The empty hours: living very different lives under lockdown

Dame Philippa Russell movingly describes a day in her life under lockdown with her son Simon, who has learning disabilities, and reflects on VE Day. 

We are six weeks, 1056 hours, into lockdown and Simon and I are feeling the pressure of his ‘shielded’ life. I admire the stalwarts who have settled down to weeks of social isolation with typical British stoicism. But Simon’s and my lives have changed overnight. His daytime activities, his precious art, his friendships through the local church, fitness classes have all gone. We feel very alone, and there is the very real terror of what would happen if either of us or his wonderful support worker Richard got ill.   

Our day begins at 6.30am, an Amazon delivery clattering in the porch – the cake tins to fill another long morning by making a cake to celebrate VE Day. A nice idea that goes wrong by 8.00am as we have no flour and Simon anyway rejects a cake when we can’t have a VE Day party.  

Shielded or not, Simon, like many people with learning disabilities, needs to go out. We are allowed daily walks, even  a little drive in the car. But going out is not a luxury. We can’t get a home delivery and cautious shopping, meticulous queueing with hand sanitisers fills the morning. I now have flour for the VE Day cake but without the party, it loses its appeal.    Simon gazes longingly at the locked doors of the Pallant House Art Gallery on the way home. He misses his special art community, I miss my home in London.  The days are long and tiring even if life is so limited.

We practice using masks for a hospital appointment. My daughter has made us colourful stylish versions, but they are not a success. Simon finds conversations difficult if he can’t see people’s faces. We move on to gardening and flags for VE Day. We need a celebration somewhere!     

We plan a quiet early evening walk, Chichester’s streets are pretty and deserted as a film set. But I am nervous. We have been stopped by the police and asked where we were going. I am told that I should ‘carry a letter from our GP’ to explain why we are out so often. I put Simon’s latest review on my phone, but the police car today swoops past with a cheerful wave.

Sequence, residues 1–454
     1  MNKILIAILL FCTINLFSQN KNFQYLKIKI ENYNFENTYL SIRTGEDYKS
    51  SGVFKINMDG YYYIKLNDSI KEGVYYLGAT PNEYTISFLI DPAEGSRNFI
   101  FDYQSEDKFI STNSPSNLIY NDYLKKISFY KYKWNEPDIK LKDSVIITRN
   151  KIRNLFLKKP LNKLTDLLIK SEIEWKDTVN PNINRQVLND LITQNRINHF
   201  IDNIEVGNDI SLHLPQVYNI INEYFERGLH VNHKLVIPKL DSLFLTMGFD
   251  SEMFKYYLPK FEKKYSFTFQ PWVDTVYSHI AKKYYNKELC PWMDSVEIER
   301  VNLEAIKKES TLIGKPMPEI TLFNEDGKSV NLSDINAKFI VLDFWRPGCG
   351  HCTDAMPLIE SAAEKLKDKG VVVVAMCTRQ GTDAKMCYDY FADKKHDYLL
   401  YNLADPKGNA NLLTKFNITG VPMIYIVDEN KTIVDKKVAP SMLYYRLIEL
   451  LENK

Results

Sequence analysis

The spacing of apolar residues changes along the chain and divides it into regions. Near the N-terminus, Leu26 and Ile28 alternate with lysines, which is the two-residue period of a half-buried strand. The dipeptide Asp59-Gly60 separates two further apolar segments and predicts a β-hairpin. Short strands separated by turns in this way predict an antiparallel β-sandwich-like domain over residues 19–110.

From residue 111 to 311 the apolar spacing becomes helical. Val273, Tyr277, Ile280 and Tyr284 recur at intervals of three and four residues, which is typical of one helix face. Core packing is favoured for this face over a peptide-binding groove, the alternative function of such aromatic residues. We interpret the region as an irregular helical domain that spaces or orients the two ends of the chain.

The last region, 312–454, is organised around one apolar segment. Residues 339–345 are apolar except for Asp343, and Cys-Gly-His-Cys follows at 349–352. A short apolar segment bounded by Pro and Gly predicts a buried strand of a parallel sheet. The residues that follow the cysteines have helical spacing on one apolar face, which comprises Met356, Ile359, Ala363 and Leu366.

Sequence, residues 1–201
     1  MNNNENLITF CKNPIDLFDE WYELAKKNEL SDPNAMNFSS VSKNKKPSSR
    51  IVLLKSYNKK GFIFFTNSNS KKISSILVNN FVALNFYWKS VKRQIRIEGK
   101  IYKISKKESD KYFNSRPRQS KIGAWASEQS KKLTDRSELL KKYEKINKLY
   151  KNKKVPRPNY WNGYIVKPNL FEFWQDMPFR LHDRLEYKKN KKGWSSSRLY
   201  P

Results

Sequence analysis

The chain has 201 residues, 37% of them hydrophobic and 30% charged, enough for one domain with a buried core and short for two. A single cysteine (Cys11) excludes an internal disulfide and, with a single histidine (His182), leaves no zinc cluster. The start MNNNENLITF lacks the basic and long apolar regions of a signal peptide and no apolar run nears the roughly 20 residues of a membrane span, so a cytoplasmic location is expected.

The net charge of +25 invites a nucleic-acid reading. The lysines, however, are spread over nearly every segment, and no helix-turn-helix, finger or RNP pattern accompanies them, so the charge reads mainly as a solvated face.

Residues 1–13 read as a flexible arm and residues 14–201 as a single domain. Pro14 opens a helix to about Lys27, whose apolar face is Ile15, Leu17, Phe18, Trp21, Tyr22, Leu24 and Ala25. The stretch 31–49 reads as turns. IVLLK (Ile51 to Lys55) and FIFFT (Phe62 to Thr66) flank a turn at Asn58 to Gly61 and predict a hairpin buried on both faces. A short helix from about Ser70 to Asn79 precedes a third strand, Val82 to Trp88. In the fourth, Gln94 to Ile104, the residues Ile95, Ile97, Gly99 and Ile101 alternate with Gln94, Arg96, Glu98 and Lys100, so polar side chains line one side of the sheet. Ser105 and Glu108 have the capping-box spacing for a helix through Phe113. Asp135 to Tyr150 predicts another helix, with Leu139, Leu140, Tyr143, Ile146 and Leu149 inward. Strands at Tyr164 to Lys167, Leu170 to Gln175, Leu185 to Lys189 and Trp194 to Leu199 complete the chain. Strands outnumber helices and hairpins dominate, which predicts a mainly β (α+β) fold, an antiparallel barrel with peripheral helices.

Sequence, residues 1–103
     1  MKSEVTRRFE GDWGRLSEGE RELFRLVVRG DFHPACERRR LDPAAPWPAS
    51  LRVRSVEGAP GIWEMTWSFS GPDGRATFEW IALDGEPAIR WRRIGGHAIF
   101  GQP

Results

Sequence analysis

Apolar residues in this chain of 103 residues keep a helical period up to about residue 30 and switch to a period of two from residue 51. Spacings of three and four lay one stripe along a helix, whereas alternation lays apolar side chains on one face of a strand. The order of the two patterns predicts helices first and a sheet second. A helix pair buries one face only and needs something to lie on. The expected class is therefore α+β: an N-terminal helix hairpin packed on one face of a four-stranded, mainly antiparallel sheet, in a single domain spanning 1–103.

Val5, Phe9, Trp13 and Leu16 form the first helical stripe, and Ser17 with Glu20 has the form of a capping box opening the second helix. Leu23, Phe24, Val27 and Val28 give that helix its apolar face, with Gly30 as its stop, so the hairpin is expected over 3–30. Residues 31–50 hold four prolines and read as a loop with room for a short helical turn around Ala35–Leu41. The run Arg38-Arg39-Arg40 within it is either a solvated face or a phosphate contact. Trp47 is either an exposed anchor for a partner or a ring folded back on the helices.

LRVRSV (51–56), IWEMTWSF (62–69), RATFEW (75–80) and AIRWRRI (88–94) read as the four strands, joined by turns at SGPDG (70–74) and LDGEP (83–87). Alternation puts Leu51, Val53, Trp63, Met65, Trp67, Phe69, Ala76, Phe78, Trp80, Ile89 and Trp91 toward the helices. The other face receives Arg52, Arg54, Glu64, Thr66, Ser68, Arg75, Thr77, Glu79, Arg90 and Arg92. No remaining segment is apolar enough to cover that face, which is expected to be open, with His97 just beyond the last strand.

At the end of a largely housebound day, there are quiet moments in the garden catching up with my virtual world of friends, family and fellow carers on my phone..  Simon crosses another day off his calendar and asks if the garden centres will open next week. It’s time for spring planting and he has worked hard getting his vegetable beds ready. I long for ‘grown-up conversations’ about how we can all survive this covid-19 crisis.  Surely this is the ‘golden time’ to promote a real spirit of coproduction and shared responsibility across all the generations rather than creating an intergenerational divide?  As Simon’s key worker by default, I feel frightened by the negative assumptions about older people and the threat of yet more lockdown!

It's ironic, isn't it, that we have VE Day celebrations  this year, the end of a world war and start of a new world order. I am old enough to remember being bombed, the relief even aged four that the war was over. What came after was of course hard, but it gave us the welfare state and the NHS which we currently celebrate every Thursday.

I hope that we can see the post-covid-19 era as a 'golden opportunity' to do things differently and reimagine social care and support.  We are all architects of that very different future.


Posted on by Don Brereton

Dear Phillipa
So eloquently put as always! Would you like a catch up with Sam and I on WhatsApp?
Best wishes

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